SALEM — Even Salem official Patrick McDougall’s wife, Jane, acknowledges he was disagreeable the night in late June he tried to keep firefighters from giving her an ambulance ride after she called 911 twice.
But it’s up to a judge to decide whether his actions, including initially telling firefighters to go away, rise to the level of conviction for obstructing government administration.
The incident occurred late June 25 and early June 26.
Defense attorney Neil Reardon told the judge “being abrasive, being loud and being negative” is not a crime.
After a trial that lasted more than two hours in 10th Circuit Court in Salem yesterday, Judge Michael Sullivan took the case under advisement without issuing a decision.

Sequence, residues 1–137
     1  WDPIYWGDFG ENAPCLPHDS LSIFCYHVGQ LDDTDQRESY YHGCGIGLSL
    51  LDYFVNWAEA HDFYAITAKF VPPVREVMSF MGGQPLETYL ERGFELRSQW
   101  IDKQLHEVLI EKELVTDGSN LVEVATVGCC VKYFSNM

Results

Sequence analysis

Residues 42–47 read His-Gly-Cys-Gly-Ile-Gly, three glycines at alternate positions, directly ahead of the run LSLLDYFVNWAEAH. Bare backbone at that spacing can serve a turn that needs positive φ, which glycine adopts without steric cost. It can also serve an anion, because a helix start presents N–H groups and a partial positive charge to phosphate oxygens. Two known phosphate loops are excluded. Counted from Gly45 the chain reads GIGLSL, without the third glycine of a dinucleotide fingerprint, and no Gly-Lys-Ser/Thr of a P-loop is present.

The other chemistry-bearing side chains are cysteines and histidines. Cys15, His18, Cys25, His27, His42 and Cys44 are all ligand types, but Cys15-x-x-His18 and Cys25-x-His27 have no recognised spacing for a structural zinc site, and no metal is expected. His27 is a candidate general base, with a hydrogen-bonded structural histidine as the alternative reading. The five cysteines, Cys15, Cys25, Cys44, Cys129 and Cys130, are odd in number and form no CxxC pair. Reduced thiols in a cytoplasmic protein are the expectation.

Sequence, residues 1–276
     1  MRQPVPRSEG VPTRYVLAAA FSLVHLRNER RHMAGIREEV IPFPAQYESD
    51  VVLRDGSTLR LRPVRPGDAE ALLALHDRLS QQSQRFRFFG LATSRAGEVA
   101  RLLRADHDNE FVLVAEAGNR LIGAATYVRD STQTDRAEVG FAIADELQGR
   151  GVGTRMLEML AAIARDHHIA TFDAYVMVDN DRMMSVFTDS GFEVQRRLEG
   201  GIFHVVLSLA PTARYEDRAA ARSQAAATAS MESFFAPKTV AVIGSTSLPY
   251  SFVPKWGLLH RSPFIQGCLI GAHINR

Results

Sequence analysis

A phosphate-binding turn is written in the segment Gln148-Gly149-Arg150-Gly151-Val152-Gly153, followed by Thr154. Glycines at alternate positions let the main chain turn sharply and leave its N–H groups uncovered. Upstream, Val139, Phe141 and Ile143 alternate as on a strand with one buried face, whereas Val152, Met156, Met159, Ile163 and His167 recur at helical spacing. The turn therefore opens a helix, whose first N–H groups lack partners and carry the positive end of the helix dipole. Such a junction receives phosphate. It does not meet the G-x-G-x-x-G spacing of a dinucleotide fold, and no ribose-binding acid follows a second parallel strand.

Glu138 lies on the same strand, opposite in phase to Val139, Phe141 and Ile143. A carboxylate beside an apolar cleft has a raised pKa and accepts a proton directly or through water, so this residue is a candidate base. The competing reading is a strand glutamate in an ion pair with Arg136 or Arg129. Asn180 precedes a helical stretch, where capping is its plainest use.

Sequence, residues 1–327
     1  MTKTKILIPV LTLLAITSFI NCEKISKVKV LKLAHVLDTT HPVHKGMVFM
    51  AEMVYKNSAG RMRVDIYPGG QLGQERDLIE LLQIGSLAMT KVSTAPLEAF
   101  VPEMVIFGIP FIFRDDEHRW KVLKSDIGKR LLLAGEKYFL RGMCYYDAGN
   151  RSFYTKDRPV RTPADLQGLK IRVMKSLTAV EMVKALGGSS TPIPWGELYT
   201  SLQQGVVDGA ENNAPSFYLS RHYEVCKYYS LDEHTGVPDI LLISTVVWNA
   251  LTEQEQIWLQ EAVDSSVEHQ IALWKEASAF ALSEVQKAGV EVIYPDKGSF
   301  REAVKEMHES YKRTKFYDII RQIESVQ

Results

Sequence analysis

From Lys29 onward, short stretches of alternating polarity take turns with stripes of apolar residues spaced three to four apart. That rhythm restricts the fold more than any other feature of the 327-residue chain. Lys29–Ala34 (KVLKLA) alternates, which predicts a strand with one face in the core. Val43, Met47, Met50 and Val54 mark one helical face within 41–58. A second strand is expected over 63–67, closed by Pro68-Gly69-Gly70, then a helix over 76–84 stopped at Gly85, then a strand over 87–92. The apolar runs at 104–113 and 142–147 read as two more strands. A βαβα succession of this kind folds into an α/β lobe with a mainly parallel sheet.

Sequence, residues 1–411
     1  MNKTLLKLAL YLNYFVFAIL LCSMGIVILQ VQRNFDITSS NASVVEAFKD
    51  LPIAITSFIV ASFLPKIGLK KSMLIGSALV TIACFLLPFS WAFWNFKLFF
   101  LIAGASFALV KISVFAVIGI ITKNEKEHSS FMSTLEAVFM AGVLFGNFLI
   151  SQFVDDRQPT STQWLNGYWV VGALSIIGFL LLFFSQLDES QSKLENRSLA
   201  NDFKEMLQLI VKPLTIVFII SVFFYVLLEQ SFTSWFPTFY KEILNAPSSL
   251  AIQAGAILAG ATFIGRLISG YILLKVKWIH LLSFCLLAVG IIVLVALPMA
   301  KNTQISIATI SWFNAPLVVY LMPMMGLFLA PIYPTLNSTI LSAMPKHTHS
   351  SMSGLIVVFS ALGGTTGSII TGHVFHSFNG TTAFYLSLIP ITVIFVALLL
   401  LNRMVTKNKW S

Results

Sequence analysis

Jane McDougall, subpoenaed to testify by police prosecutor Jason Grosky, at times sobbed, wiped her face with tissues and pleaded for her family to be left alone while defending her husband.
“He meant well,” she said.
She insisted McDougall, 37, a member of the Budget Committee and Zoning Board of Adjustment, cooperated with firefighters and police, but was concerned about the ambulance ride potentially costing the family $800.
“He was just explaining to them that we don’t have any insurance,” she said.
She acknowledged calling 911 twice because she was in such pain from a migraine headache she was determined to get to the hospital for medicine.
Police Officer Matthew Norcross testified McDougall told his wife she was exaggerating.
“He told her he didn’t want her to go,” he said.
Norcross characterized Patrick McDougall as “very agitated” in his conversations with police and firefighters.
Firefighter Bradley Palmer related how McDougall told them through a closed door there was no problem.
He eventually let them inside, but was concerned about them taking his wife in the ambulance, Palmer said.
“I think his words were, ‘You’re trying to get $800 from me,’” the firefighter testified.